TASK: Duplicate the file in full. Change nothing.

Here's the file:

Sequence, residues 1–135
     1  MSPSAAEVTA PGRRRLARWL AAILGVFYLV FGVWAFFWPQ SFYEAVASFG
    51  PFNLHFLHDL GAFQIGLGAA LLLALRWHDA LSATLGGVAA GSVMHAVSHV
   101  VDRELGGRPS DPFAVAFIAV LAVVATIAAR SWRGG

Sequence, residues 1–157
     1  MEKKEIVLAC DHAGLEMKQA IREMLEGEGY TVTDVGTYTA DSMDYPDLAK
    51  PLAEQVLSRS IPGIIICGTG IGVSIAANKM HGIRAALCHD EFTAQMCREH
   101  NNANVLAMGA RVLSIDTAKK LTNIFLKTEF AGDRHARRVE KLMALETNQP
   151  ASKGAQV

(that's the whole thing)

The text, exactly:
Sequence, residues 1–135
     1  MSPSAAEVTA PGRRRLARWL AAILGVFYLV FGVWAFFWPQ SFYEAVASFG
    51  PFNLHFLHDL GAFQIGLGAA LLLALRWHDA LSATLGGVAA GSVMHAVSHV
   101  VDRELGGRPS DPFAVAFIAV LAVVATIAAR SWRGG

Sequence, residues 1–157
     1  MEKKEIVLAC DHAGLEMKQA IREMLEGEGY TVTDVGTYTA DSMDYPDLAK
    51  PLAEQVLSRS IPGIIICGTG IGVSIAANKM HGIRAALCHD EFTAQMCREH
   101  NNANVLAMGA RVLSIDTAKK LTNIFLKTEF AGDRHARRVE KLMALETNQP
   151  ASKGAQV